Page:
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Archaeo News 

13 October 2008
Maine's largest prehistoric settlement

7,000-year-old archaeological site in Dresden (Maine, USA) has emerged as one of the most significant finds in New England, and is shaping the way historians view the lifestyles of Archaic period Native Americans. The state historic preservation commission is hoping to purchase the 14.2-acre waterfront site, using grant money obtained through the Land for Maine's Future Program.
     "Since they've done some digging, they found that there was a village there, which changes their whole thought process on the early people of this area," said Richard Lang. "They used to think (Native Americans) were just passing through, and now they think there was a settlement here," he added. "There are only two other places in New England with village-sized sites from this time period," said Arthur Spiess, a senior archaeologist with the Maine Historic Preservation Commission. "We thought (Native Americans) lived in small groups moving around the landscape, but it turns out that there's probably at least a seasonal large group."
     According to documentation filed with Land for Maine's Future, the site in Dresden is the largest and most intensively occupied site of its age known in Maine. The site also offered a different vantage point to 7,000 years ago. Since the end of the Ice Age, about 12,000 years ago, water levels have risen to conceal what was a distinct elevation drop on this Kennebec River location. When this site was home to a native village, experts suspect a major falls bridged what is now Dresden with Swan Island.
     "We can certainly find out what they were eating, because their trash was discarded in fireplaces and burned bones can be preserved for thousands of years," he continued. "We already have found sturgeon and striped bass bones at the site, and something like beaver and moose or deer," said Spiess. Determining the types of dwellings the natives used at this site would be more difficult, as any evidence of post holes was likely removed when the 'top half foot' of ground was plowed during the property's subsequent use as farmland. Instead, said Spiess, state archaeologists would map the site using garbage pits and fireplaces, and collect bone remains and period-specific stone tools.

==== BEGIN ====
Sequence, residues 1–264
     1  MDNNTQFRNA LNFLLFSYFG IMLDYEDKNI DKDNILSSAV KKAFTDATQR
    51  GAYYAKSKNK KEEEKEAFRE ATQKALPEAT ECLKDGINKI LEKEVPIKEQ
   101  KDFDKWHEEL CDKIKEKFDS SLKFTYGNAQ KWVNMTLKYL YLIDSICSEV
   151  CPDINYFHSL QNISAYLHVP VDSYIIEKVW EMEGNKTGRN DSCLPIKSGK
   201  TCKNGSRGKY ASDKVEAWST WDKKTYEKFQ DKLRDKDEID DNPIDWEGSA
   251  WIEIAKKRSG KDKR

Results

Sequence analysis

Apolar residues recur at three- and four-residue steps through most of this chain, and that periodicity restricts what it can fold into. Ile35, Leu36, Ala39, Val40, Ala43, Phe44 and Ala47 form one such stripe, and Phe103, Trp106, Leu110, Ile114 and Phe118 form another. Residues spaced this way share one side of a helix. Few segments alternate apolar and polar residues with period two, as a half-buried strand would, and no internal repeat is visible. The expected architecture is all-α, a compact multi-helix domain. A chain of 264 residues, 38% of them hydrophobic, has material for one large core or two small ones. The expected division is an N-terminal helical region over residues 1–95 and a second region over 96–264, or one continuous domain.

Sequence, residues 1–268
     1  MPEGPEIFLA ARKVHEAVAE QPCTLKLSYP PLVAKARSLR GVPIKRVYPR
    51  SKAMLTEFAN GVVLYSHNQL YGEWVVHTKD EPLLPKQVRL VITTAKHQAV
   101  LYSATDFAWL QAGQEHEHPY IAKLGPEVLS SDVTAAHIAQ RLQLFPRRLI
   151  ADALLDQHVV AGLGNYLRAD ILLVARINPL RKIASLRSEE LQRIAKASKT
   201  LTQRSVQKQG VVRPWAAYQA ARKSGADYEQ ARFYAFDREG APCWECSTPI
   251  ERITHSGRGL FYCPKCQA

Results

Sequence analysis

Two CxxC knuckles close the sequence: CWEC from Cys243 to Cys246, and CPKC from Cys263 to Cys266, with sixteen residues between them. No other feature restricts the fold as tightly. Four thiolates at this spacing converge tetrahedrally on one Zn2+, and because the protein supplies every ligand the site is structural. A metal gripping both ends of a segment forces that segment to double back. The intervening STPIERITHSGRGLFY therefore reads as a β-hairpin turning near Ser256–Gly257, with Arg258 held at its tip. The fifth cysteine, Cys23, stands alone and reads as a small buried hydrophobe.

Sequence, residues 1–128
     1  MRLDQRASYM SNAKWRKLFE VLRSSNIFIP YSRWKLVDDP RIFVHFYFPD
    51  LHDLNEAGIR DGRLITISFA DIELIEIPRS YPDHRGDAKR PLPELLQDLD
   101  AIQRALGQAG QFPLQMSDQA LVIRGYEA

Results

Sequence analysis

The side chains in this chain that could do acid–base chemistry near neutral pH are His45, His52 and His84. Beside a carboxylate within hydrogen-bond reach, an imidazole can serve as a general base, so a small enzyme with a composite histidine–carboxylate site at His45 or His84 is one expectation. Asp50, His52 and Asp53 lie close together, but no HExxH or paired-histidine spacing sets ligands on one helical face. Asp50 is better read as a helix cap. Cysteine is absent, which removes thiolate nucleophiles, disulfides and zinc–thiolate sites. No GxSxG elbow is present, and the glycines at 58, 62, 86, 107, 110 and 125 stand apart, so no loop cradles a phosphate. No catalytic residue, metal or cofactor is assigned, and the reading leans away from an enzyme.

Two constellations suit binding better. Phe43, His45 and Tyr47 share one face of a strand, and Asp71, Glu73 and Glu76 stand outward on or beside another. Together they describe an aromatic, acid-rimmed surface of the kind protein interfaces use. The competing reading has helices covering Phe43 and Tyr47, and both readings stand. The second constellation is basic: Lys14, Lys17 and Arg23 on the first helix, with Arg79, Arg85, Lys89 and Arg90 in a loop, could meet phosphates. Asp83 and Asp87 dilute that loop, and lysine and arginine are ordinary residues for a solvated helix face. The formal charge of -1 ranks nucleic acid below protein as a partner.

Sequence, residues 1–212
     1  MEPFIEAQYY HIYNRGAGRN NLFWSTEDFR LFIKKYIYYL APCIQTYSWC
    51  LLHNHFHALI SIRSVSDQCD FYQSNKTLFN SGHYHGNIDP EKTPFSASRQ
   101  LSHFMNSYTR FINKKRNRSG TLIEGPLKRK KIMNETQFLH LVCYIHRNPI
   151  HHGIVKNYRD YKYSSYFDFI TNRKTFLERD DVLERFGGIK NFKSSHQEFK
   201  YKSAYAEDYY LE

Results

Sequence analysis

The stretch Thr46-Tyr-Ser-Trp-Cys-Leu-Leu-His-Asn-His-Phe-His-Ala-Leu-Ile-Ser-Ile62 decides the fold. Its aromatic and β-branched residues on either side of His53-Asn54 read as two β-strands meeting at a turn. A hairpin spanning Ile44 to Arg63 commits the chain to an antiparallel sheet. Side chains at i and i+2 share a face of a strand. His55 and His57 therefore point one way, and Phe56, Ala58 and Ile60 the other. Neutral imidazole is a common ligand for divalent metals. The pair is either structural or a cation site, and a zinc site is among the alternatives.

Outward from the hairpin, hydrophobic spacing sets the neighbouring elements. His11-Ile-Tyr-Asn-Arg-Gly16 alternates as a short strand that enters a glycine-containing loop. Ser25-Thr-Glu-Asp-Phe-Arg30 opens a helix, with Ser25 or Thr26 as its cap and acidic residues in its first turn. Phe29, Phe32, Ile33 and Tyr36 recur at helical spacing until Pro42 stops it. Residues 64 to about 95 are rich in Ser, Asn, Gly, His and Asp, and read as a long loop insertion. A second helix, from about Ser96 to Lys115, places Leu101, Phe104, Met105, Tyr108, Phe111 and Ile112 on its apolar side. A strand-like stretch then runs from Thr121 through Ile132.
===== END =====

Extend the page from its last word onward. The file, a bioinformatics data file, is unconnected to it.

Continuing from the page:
State officials were first tipped off to the site's bounty of artifacts nearly 20 years ago by amateur archaeologists, who stumbled upon stone tools there while hiking across the grounds. However, Spiess said the previous landowner at the time didn't give permission for professional archaeologists to dig. Still, the stone pieces delivered to state researchers by their amateur counterparts were tantalizing. To the trained eye, it was clear that the findings dated back to the early to middle Archaic period, between 8,000 to 4,000 BCE. The Maine Historic Preservation Commission waited for its chance to investigate the site until the fall of 2007, when it approached the new and current owners. The Dresden site stands to become the first property protected by Land for Maine's Future under the provision qualifying 'significant, undeveloped archaeological sites.'

Source: The Times Record (10 October 2008)

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